Thursday, 18 June 2009

Shared Spaces

As well as the Cycle Around Scotland stuff I’ll use this blog as an opportunity to witter on about issues relating to disabilities that I come across and that wind me up. (We’ll not mention the lazy individual at work who sees an empty disabled space as a legitimate parking spot, even though there’s nothing wrong with her other than pathological laziness. …..Did I mention she was lazy?)

The latest Government fad seems to be the introduction of ‘shared spaces’. This is an urban area that has been developed so that there is no clear definition between where the road and the pavement starts and finishes. A definition found on Wikipedia states:

Safety, congestion, economic vitality and community severance can be effectively tackled in streets and other public spaces if they are designed and managed to allow traffic to be fully integrated with other human activity, not separated from it. A major characteristic of a street designed to this philosophy is the absence of traditional road markings, signs, traffic signals and the distinction between "road" and "pavement". User behaviour becomes influenced and controlled by natural human interactions rather than by artificial regulation.[3]

One of the concepts behind shared spaces is that pedestrians and motorists make eye contact to establish who has priority….. that’s right… ‘eye contact’. Now that immediately puts blind people at a disadvantage for what I would imagine are fairly obvious reasons.

This doesn’t just affect blind people. Children and other more vulnerable road users are going to struggle with this. What about an individual with a learning disability who may not be able to decipher what the rules of the shared surfaces are? It might not be to everyone’s overly politically correct tastes but it has to be considered.

The Guide Dogs for the Blind Association have the following statement on their campaign website:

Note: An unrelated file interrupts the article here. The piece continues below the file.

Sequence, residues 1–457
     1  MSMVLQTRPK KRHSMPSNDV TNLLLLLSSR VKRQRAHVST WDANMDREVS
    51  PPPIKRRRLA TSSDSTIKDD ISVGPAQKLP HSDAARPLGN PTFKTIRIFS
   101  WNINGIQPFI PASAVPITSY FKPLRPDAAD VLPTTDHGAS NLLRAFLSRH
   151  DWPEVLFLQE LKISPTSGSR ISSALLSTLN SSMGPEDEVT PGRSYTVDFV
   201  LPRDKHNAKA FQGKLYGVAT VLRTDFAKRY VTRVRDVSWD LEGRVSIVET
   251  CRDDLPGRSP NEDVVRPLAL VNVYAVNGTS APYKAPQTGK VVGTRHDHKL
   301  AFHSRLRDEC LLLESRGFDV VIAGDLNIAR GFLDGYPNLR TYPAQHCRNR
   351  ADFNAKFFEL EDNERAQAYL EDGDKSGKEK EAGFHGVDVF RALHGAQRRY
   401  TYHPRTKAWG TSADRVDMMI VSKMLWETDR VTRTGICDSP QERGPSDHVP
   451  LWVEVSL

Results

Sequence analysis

“Blind and partially sighted people, particularly guide dog owners and long cane users are trained to use the kerb as a key navigation cue in the street environment. Its removal, without a proven effective, alternative feature, exposes blind and partially sighted people to greater risk, undermines their confidence, and so creates a barrier to their independent mobility. The kerb is also vital for children's safety when using roads. From an early age children are taught as part of the Green Cross Code to Stop, Look, and Listen at kerbs. If these kerbs are removed, how will children know where to stop?

Guide Dogs supports the aim of creating attractive ‘people-friendly’ street environments but opposes the use of shared surface streets to achieve this. For background information on our previous campaigning work on the issue of shared surface streets, please read a copy of our Campaign report."

In Inverness we have a new shared space on Ness Walk, it’s all very pretty with benches where you can sit and take in the ducks, seagulls and goosanders on the River Ness. It has one particular flaw which will cause issues for the people that use it. It’s a one way street..... fair enough. It also has a cycle lane…. In a shared space? Ok so it only runs for a couple of metres at the start and finish of the space so I suppose that’s ok…. But it goes in the opposite direction of the one way traffic! I’ve used it on the bike and I’ve been given dirty looks by motorists and pedestrians as they quite rightly presume that I’m going the wrong way on a one way street. When you get to the junction to turn on to Young Street there is no safe way of doing it as there is no traffic control in place to deal with traffic (ie me on a bike) coming the ‘wrong way’ on to the junction

And why is it that Councils seem to be intent on installing uniform grey bollards that blend in to the rest of the street in these shared spaces? There's no clear definition on them and they seem to be at the perfect height for the unsuspecting person with a visual impairment to crack their knee off.

I'm going to take a few photos tonight and get them posted on here.

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